ME has been found world-wide, in at least 63 epidemics documented in published papers from the 1930’s to the 1980s. Currently ME is less epidemic and more endemic than in previous decades. M.E. outbreaks are still happening even though the epidemics are no longer being recorded or studied. Cort Johnson wrote that Dr. Byron Hyde mentioned having “reports of over sixty” M.E. outbreaks from just 1988 to 2003, which were “no longer figured in the literature” and “were not given any mention in the [International Consensus Criteria].” Epidemics have a penchant for enclosed communities such as schools and hospitals, although not all of the outbreaks have occurred in enclosed communities.

As observed in many autoimmune disorders, ME is more common in females than males; the mean sex ratio is about two to three females for every male. In children the sex ratio is approximately equal.


History

The Formative Years

See first: The Parts of M.E.: How did we get here?

The first definitive description of an illness resembling poliomyelitis was by Gilliam after the 1930s Los Angeles outbreak. Careful clinical observation in all the epidemics repeatedly found reproducible signs and a distinctive pattern of CNS and sensory nerve involvement, muscle weakness with pain or tenderness, and emotional liability with a chronic, relapsing course.

In the 1950s, the public eye was caught by several outbreaks of a mysterious illness that incapacitated communities, often in hospitals. In the Iceland epidemic it was noted patients who contracted the illness developed immunity to poliomyelitis, suggesting confirmation of an association.

Autopsy findings on experimentally infected monkeys during the Adelaide epidemic led to the conclusion that the disorder was caused by inflammation of the brain and spinal cord. Accordingly, names such as atypical polio and Akiyuri disease were replaced in 1956 in the UK by the term Benign myalgic encephalomyelitis. However, autopsies on humans have revealed only evidence of infection, notably in the brain, heart, and skeletal muscle.

WHO Classification and Disgrace

ME has been included in the classification of the World Health Organization (WHO) as a disease of the central nervous system since 1969.

In the ICD-10, ME is the only disorder listed in the tabular classification under G93.3, Post-viral fatigue syndrome (PVFS).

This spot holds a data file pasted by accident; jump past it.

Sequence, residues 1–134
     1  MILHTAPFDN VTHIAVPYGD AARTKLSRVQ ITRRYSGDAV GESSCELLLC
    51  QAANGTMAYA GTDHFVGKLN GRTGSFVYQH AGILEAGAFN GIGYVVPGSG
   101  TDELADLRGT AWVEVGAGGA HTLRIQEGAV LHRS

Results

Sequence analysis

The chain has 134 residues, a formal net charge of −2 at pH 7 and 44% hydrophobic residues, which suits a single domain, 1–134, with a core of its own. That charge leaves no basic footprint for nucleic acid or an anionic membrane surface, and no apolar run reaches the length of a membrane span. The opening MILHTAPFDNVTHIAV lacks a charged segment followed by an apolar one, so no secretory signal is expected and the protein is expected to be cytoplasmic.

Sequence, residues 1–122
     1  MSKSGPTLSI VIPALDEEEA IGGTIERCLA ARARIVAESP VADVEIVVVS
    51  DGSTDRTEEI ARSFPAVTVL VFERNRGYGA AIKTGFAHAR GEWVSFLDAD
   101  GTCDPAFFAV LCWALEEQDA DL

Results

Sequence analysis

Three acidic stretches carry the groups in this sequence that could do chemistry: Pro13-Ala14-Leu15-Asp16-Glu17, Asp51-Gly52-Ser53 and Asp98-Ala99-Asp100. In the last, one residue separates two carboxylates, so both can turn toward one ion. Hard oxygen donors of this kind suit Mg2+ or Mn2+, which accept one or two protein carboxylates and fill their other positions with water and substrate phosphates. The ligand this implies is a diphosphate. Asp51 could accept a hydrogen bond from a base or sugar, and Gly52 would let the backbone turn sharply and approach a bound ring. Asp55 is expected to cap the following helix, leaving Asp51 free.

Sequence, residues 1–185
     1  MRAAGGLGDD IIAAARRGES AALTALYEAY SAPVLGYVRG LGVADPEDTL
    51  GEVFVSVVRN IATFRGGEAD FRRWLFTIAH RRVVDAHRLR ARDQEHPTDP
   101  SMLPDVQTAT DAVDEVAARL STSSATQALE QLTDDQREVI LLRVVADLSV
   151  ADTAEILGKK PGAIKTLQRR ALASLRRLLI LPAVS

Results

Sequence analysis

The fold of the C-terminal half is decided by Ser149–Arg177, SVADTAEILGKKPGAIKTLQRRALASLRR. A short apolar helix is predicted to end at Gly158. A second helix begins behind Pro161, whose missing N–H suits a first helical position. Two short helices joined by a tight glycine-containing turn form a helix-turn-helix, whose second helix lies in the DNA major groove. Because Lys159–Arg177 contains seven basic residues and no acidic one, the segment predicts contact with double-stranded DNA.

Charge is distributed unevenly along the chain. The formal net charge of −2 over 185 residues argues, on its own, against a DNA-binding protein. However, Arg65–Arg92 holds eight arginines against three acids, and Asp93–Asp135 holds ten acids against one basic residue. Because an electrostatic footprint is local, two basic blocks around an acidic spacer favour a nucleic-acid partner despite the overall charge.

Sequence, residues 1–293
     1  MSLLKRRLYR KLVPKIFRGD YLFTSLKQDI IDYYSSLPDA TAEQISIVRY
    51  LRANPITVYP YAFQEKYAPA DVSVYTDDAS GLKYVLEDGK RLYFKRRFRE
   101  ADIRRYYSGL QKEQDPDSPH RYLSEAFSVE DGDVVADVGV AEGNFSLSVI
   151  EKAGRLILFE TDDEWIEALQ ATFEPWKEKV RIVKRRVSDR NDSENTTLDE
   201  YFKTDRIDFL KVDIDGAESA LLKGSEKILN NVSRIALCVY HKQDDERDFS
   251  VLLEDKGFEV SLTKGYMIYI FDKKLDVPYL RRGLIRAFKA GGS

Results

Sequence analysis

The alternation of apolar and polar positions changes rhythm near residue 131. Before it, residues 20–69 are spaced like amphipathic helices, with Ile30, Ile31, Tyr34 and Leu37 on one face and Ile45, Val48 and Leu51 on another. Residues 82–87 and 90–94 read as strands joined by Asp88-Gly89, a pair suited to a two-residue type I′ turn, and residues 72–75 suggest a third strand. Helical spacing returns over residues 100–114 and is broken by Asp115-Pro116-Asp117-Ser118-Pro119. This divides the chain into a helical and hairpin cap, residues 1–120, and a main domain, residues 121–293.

Despite the increasing prevalence of non-epidemic cases, the disorder was soon dismissed by some as mass hysteria due to the 1970 McEvedy and Beard review, in which no actual patients were examined: “…Epidemic hysteria is a much more likely explanation” (2). Interest dropped, to be rekindled only after a similar outbreak at Incline Village, Lake Tahoe, Nevada in the mid-1980s.

CDC Intervention

In 1987, researchers from the US Centers for Disease Control & Prevention (CDC) decided to treat the Lake Tahoe outbreak of M.E. as well as other M.E. outbreaks from the mid-1980s as an entirely new illness, yet another decision based on a complete lack of patient examination. It was only after the doctors managing the epidemics used over $200,000 of their own money to fund MRIs, that they found their patients had brain lesions indistinguishable from those found in people with AIDS.

Nonetheless, these findings were dismissed because they were not present in all patients, and in 1988 the CDC christened the illness chronic fatigue syndrome (CFS) instead of M.E., effectively because three M.E. experts left the committee meeting early due to (1) a lack of patient information and (2) the remaining members’ preoccupation with Epstein-Barr Virus, which was biologically incapable of causing the outbreaks due to the virus’s extensive latency period. CFS is a highly contentious concept to patients and specialists alike. Because of the similarity in terminology, CFS is often confused with “chronic fatigue”; many believe this to have been intentional for the benefit of disability insurance companies (Osler’s Web, Hillary Johnson, pp 217 – 219).

In 1993 the term Chronic fatigue syndrome (CFS) was added to the alphabetic list of the WHO ICD classification under R53.82 “Symptoms, signs and abnormal clinical and laboratory findings, not elsewhere classified.”

Although neither chronic fatigue syndrome nor its criteria were developed to replace myalgic encephalomyelitis, many, particularly in the psychiatry field, falsely promoted that ME was synonymous with CFS. The first CFS criteria published in 1988 by Holmes (5) were in fact created as to provide a rational basis for evaluating patients who have chronic fatigue of undetermined cause.

Vilified but Vindicated

Research increased after the CFS criteria were further relaxed in 1994, but it was criticized for its over-inclusiveness. With all objective signs now expunged, the obvious possibility of misdiagnosis bedeviled clinical and research work. Lacking a diagnostic laboratory test of any kind, CFS is frequently misdiagnosed in patients presenting symptoms to other similar biological conditions, infections such as Lyme disease (for which standard testing produces an extremely high rate of false-negatives) or Epstein-Barr (the cause of glandular fever/infectious mononucleosis), or psychological conditions.

A lack of information and awareness has led to both ME and CFS patients being stigmatized, sometimes as hypochondriacs or lazy, yet at other times as over-active and perfectionist. Because immune-related symptoms are common, the immune system was suspected of being dysfunctional or responding inappropriately to specific viruses, leading to the proposal of the alternative name, “chronic fatigue and immune dysfunction syndrome” (CFIDS).

More accurate criteria should help to increase homogeneity and identify pathology. It has also been noted that some journals operate pro-psychiatric editorial policies, resulting in a narrow range of opinions and undermining the physicians’ understanding of the illness.